In a recent Psychology Today article called "Feeling Fat Thinking Thin," the subhead asks the question, "Why do women feel OK about their bodies until other women show up?" Unfortunately, there's no damn answer. It does, however, offer details in a study by psychologist Catherine Sanderson of Amherst. She found that women in college tend to believe that they exercise less and weigh more than the average person. (Sigh.) Sanderson also found that this warped perception increases over time: Seniors are much more likely than freshmen to misjudge the weight and habits of others. Fortunately, when the misperception was explained to the women who were comparing themselves to other women on campus, they adopted a more accurate outlook. [Psychology Today]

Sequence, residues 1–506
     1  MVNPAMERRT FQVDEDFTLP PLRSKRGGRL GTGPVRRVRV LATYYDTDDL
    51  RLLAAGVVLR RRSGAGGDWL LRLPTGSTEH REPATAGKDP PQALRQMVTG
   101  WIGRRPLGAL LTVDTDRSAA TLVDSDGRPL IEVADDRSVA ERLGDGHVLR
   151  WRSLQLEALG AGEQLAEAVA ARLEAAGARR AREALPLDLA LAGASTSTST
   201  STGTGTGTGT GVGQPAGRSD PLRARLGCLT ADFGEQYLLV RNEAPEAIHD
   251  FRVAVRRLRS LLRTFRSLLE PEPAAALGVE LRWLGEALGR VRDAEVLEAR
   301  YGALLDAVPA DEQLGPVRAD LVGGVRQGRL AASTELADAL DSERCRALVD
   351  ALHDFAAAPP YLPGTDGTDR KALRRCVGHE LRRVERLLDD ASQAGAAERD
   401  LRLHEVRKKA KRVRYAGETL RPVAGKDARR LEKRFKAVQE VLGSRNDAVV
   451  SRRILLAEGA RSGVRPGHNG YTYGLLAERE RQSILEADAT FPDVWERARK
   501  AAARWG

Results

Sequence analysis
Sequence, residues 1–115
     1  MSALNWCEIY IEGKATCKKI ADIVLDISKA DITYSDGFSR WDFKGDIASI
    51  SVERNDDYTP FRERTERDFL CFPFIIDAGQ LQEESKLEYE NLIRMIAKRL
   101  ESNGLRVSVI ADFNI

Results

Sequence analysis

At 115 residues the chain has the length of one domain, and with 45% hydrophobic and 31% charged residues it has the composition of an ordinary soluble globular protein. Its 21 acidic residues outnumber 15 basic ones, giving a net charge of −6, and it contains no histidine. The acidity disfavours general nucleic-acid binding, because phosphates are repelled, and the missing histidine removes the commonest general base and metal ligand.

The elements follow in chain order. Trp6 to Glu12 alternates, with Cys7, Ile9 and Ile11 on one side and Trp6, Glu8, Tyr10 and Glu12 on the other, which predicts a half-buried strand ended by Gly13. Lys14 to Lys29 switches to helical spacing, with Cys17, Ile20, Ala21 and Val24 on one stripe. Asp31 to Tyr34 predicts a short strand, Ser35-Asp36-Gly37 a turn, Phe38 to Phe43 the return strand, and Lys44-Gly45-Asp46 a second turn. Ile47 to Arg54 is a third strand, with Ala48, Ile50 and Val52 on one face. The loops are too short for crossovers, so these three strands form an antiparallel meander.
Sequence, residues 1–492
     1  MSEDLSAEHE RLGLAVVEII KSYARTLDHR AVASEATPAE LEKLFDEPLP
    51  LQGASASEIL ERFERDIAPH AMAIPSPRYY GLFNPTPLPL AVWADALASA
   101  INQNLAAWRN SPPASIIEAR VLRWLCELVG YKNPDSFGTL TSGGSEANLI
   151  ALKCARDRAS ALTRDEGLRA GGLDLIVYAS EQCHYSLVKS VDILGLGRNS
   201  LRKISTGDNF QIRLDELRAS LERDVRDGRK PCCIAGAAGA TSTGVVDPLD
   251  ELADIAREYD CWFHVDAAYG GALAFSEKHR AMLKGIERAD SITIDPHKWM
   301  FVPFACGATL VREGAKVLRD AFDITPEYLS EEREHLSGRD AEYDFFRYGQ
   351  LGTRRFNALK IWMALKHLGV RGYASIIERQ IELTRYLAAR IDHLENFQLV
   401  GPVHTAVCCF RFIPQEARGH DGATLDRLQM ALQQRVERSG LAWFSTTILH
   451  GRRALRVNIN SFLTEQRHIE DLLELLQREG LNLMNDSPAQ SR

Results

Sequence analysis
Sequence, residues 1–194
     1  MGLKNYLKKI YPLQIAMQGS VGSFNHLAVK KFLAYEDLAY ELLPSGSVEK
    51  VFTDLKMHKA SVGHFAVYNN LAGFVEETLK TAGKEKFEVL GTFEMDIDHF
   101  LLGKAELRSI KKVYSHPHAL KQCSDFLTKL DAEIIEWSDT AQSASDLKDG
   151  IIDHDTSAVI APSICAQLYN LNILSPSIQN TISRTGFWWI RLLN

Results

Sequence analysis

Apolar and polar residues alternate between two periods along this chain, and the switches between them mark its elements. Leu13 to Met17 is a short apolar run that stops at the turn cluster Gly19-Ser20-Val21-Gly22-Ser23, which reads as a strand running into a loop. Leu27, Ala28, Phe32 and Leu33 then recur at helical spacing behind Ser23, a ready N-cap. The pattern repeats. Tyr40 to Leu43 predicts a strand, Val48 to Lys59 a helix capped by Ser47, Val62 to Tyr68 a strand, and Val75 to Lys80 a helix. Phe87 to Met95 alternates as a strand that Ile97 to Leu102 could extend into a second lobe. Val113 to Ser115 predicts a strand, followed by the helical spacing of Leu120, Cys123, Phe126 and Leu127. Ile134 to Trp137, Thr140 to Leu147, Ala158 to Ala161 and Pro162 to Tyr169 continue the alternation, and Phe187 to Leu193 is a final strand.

Ah, the ol' women's weight and self-esteem issue. I am overweight, and I know it without height/weight or BMI calculations. (I hate math anyway.) I also realize that for me personally, it fluctuates depending on how miserable I am and therefore how much food and booze I consume to self-medicate. (Yeah, I know, therapy, anti-depressants, exercise, blah, blah blah. Thank you.) What really fascinates me is how some young girls and women are totally, delightfully and defiantly indifferent to fashion and media standards and strut their Rubenesque stuff in revealing, form-fitting (some might say circulation-blocking and gangrene-inducing) clothes. True, there are definitely socio-economic and some ethnic indicators, but still. Brava, ladies, brava!!